• Work the latch back and forth to ensure the lubricant enters all moving parts
  • Clean any excess lube

Meet Our Experts

John Davis
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Car Expert
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Certified mechanic with 10+ years of experience
John Davis is an expert automotive writer and former automotive mechanic. John's work spans multiple categories, and he relishes the opportunity to research a new subject and expand his area of expertise and industry knowledge. To date, John has written more than 200 articles covering car maintenance and care, car advice, how-to guides, and more.
Prior to joining Jerry’s editorial team, John worked as a mechanic and freelance writer, creating content for clients including HotCars and SetPower.
Jessica Barrett
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Car Expert
Jessica Barrett is a senior insurance writer and editor with 10 years of experience in the automotive and travel industries. A specialist in car insurance, car loans, and car ownership, Jessica’s mission is to create comprehensive content that car owners can use to manage their costs and improve their lives. As a managing editor for a team of writers and insurance specialists, Jessica has edited over 2,000 articles for Jerry on topics ranging from local insurance shopping tips to refinancing car loans with bad credit.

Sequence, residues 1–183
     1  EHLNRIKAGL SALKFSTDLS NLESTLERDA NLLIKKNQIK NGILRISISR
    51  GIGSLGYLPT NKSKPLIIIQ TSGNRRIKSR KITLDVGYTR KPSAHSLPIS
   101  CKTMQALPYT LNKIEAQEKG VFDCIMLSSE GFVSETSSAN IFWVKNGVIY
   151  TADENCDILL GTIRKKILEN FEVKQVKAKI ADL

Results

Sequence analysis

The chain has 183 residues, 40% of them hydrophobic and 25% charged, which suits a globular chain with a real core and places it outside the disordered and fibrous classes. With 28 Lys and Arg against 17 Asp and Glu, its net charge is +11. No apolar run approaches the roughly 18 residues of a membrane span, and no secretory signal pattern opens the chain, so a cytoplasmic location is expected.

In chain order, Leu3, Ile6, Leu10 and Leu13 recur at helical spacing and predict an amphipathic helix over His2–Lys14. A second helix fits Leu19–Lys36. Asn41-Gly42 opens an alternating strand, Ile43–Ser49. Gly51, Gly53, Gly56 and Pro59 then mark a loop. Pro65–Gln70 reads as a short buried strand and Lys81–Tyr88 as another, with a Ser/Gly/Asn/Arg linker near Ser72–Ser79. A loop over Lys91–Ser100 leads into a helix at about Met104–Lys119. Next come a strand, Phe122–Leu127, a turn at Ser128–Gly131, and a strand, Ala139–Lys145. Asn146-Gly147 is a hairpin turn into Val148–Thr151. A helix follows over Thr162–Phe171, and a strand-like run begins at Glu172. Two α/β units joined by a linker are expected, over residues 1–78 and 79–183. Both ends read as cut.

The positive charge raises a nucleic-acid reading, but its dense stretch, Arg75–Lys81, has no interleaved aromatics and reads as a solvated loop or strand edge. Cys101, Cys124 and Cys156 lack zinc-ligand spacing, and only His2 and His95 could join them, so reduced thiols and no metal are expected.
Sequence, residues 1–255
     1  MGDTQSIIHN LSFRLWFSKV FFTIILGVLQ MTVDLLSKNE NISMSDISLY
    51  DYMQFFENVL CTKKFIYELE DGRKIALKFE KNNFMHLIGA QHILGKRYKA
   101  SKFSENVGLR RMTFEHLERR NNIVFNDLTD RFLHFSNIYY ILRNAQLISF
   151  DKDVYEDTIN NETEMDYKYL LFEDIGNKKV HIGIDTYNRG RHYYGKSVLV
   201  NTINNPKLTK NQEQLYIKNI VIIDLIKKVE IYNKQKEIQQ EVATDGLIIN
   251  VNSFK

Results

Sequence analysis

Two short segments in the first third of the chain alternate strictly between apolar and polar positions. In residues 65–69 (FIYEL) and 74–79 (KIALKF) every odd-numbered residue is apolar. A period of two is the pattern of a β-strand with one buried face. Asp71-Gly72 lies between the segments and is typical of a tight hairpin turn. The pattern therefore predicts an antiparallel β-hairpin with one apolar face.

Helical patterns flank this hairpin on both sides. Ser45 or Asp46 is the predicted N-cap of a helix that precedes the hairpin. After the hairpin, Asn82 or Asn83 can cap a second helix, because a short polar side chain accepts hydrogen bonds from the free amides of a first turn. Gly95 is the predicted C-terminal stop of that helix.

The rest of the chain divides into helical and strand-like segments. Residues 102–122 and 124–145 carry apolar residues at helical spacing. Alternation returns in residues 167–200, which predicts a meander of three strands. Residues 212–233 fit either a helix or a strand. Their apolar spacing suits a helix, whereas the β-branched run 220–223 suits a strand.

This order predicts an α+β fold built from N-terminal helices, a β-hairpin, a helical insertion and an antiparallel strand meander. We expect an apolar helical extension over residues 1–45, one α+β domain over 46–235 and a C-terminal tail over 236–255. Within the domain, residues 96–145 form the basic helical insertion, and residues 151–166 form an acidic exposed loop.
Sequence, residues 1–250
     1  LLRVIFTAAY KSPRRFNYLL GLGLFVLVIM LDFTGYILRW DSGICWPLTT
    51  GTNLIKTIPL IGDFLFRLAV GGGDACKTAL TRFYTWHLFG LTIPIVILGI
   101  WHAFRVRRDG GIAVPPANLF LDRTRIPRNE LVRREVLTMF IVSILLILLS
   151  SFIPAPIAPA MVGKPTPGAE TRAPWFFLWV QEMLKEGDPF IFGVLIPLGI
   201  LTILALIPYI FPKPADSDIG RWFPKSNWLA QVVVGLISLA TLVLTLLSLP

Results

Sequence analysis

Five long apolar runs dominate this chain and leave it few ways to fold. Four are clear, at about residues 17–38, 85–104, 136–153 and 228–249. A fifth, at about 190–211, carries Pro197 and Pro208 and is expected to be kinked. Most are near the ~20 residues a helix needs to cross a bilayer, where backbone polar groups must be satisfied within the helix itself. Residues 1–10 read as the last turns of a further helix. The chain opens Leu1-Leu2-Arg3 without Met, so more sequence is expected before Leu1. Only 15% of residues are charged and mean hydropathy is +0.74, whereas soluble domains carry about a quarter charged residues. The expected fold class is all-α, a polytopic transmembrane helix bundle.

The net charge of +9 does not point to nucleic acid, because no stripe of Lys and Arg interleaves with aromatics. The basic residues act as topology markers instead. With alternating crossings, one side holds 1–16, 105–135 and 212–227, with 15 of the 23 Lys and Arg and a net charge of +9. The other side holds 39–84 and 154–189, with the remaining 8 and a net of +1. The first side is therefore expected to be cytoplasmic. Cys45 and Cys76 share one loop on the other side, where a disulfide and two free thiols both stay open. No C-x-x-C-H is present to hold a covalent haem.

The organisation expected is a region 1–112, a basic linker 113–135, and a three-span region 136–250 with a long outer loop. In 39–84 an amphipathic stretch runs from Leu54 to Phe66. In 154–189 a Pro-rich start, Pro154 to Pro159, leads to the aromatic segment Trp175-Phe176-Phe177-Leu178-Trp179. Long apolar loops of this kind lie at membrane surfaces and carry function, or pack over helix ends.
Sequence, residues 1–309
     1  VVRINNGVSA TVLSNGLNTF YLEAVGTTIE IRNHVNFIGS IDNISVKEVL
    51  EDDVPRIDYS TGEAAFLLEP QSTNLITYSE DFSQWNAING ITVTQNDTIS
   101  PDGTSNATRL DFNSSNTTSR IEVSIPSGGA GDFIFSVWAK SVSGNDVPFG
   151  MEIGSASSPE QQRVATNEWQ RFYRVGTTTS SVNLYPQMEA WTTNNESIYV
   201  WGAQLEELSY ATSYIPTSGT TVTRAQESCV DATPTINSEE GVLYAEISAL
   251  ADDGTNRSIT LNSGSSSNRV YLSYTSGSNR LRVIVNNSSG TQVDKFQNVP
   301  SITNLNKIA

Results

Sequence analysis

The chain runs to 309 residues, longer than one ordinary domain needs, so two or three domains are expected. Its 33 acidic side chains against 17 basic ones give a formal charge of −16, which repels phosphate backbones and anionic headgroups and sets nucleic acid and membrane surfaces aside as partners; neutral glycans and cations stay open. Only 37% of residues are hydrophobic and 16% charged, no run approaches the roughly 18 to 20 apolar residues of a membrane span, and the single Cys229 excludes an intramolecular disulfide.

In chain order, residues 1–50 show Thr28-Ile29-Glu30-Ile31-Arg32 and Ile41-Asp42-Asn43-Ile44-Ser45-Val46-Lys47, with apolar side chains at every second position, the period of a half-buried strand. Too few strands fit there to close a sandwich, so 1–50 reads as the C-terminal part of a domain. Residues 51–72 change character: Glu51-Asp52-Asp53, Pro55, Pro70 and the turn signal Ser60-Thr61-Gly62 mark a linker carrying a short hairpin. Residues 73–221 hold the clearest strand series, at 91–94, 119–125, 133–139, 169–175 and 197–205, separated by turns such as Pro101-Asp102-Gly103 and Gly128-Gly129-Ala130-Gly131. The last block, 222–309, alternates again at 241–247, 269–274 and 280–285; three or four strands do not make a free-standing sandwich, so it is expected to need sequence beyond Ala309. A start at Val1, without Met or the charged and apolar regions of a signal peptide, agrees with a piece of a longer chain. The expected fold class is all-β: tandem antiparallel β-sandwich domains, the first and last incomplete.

Before joining Jerry as a senior content editor in 2021, Jessica created visual content for clients such as Expedia, Vivid Seats, Budget Direct Car Insurance, Angie’s List, and HomeAdvisor. Her content was published in Business Insider, Forbes, Apartment Therapy, and the BBC.
Kathleen Flear
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Car Expert
Kathleen Flear is an expert insurance writer and editor who heads up Jerry’s editorial team as director of content. Kathleen empowers drivers to make smart car ownership decisions through  best-in-class articles on insurance, loans, and maintenance. Prior to joining Jerry in 2021, Kathleen served as managing editor for a team of SEO content marketing professionals at and worked as a freelance writer and editor for a range of digital publications, including Chicago Literati magazine and Golden Words. She earned a bachelor’s degree in English language and literature from Queen’s University, and a master’s degree in creative writing and fiction from Sierra Nevada University.
*The price information provided on our car repair webpages is intended for general informational purposes only. Actual prices for car repair services may vary based on various factors, including but not limited to the make and model of your vehicle, the extent of repair required, and the prevailing market conditions. All prices for real repair shops are estimations based on our research only. Therefore, the prices listed on our webpages should not be considered as final quotes or binding offers.